If the holiday season is a time to reflect on things in our lives to be grateful for, then prime-time television deserves a little praise for its abundance of quality programming. Such a statement might elicit a derisive eye roll from viewers ignorant of all the great shows out there, but fans of TV know better.
While it's true that there's more junk on TV than ever, there is also more excellent programming. The increase in both trash and good stuff results from the overall rise in the quantity of shows with cable networks, especially, eager to jump into the original-programming fray.
Rejoice that the networks wrap the following TV series in bright, shiny paper and put them under the Christmas tree for all of us to enjoy.
Certainly ABC's Wednesday-night comedy lineup is worthy of universal praise. "Modern Family" and "The Middle" have been excellent, worthwhile viewing since they launched in 2009. But in 2011, ABC added "Happy Endings" and "Suburgatory" to the lineup for a seamless comedy block.
"Happy Endings" is a more manic "Friends," with pop-culture references and zingers flying with fury; "Suburgatory" chronicles one cynical teen's life in suburbia with humorous observations that should ring true/hit close to home for suburbanites nationwide.
"Revenge" has become an appointment-viewing soap for some viewers yearning for prime-time catfights while "Once Upon a Time," although not a great show (it's no "Lost," despite sharing some producers), is one of the few programs that encourage parents and children to watch together.
Ratings-wise, "Pan Am" is in a nosedive and likely won't last beyond a few more episodes, but it remains an entertaining diversion with beautiful production design and some strong performances, most notably Karine Vanasse as French flight attendant Colette.
Moving "The Good Wife" to Sunday night stinks for East Coast viewers who constantly have to play a "Where's Waldo?" guessing game as to when episodes will begin due to football overruns, but that hasn't diminished the quality of the drama itself. Last month's reintroduction of actress Anika Noni Rose as Wendy Scott-Carr, Peter Florrick's one-time political rival who's now doing his dirty work, was a genius bit of plotting on the part of the show's writers.
And while the network's new comedy, "2 Broke Girls," has disappointed after a promising pilot (despite the presence of great stars, you can't have a great show with lousy writing), "The Big Bang Theory" remains the network's gold standard when it comes to sitcoms that can conjure a smile.
Where to begin? Cable has eaten the broadcasters' lunch when it comes to thought-provoking, engrossing dramas. From HBO's "Game of Thrones" to Showtime's "Homeland," connoisseurs of quality drama know cable is the place to be. FX has modern Western "Justified" and the bizarre "American Horror Story." AMC offers "Breaking Bad" and "The Walking Dead" (and "Mad Men" will be back next year).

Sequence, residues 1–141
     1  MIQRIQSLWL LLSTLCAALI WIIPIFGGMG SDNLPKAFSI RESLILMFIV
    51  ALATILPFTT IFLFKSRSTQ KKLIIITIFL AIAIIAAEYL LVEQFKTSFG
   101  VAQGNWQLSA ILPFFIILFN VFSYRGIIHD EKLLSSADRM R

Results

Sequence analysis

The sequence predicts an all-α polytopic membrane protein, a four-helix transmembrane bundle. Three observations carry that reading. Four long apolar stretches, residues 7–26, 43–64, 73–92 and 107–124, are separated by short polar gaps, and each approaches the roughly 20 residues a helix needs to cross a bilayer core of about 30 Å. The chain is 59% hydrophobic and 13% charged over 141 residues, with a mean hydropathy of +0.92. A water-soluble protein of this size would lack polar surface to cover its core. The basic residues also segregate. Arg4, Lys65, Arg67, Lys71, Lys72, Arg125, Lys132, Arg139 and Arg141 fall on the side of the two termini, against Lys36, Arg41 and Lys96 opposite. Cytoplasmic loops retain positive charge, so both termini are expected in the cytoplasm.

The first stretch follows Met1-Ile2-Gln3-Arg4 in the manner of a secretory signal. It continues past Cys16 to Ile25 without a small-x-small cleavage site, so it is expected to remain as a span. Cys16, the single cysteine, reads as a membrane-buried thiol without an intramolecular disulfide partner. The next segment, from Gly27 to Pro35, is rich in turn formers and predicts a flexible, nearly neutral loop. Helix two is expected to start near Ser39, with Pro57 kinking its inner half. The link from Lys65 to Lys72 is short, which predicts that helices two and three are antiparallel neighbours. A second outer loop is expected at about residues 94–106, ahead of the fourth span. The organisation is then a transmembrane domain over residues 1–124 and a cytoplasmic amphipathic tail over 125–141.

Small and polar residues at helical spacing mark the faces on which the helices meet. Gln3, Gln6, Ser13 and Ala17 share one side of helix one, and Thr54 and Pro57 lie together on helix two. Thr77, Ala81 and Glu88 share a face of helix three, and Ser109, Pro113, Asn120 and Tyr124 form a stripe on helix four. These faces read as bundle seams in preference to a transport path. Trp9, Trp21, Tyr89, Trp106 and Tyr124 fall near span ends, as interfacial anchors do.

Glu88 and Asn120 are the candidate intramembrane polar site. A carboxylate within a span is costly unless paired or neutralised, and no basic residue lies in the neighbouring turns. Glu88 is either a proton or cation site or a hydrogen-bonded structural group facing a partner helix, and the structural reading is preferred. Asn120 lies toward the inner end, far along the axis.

If anything, there might be too much good stuff, which might be why smart shows like Starz's "Boss" aren't getting the attention they deserve. Who has time to watch it all?
Part of the appeal of cable series is that they have a lower failure rate than broadcast-network shows. So if you start watching, odds are better that you won't be disappointed by a premature cancellation.
Once upon a time, The WB beckoned to TV fans with a roster of smart, youth-skewing programs. The CW has largely abandoned smart in favor of "sexy," but at least freshman drama "Hart of Dixie" has a sliver of heart, perhaps a hand-me-down from "Gilmore Girls."
Although ratings for "Glee" are down, creatively the show has had a pretty decent fall season. The network's best hour follows with newcomer "New Girl," which is still finding its footing, and sophomore comedy "Raising Hope," which is one of the most underrated (and under-watched) comedies in prime time.
Fans of "Community" want to put coal in NBC's Christmas stocking for benching the show at midseason. While I share their disappointment, I don't think it's a nail in the coffin for the series, not with so many other craters in the network's prime-time schedule.
Looking around NBC's schedule, there's not a lot to praise beyond "Parks and Recreation" and "Parenthood." "The Office" hasn't been that funny since Michael Scott's departure, "Up All Night" is cute but still has freshman missteps and "Harry's Law," while beloved by senior citizens, comes across as a subpar effort from writer David E. Kelley.
Public broadcasting had a banner year, kicking off with the sumptuous "Downton Abbey" on "Masterpiece Classic" and continuing with the "Upstairs Downstairs" reboot and the media literate "America In Primetime."
And 2012 looks promising, too, with a "Downton" sequel in January, a "Sherlock" sequel in May and the debut of "Daniel Tiger's Neighborhood," a follow-up to the children's classic "Mister Rogers' Neighborhood," coming in September.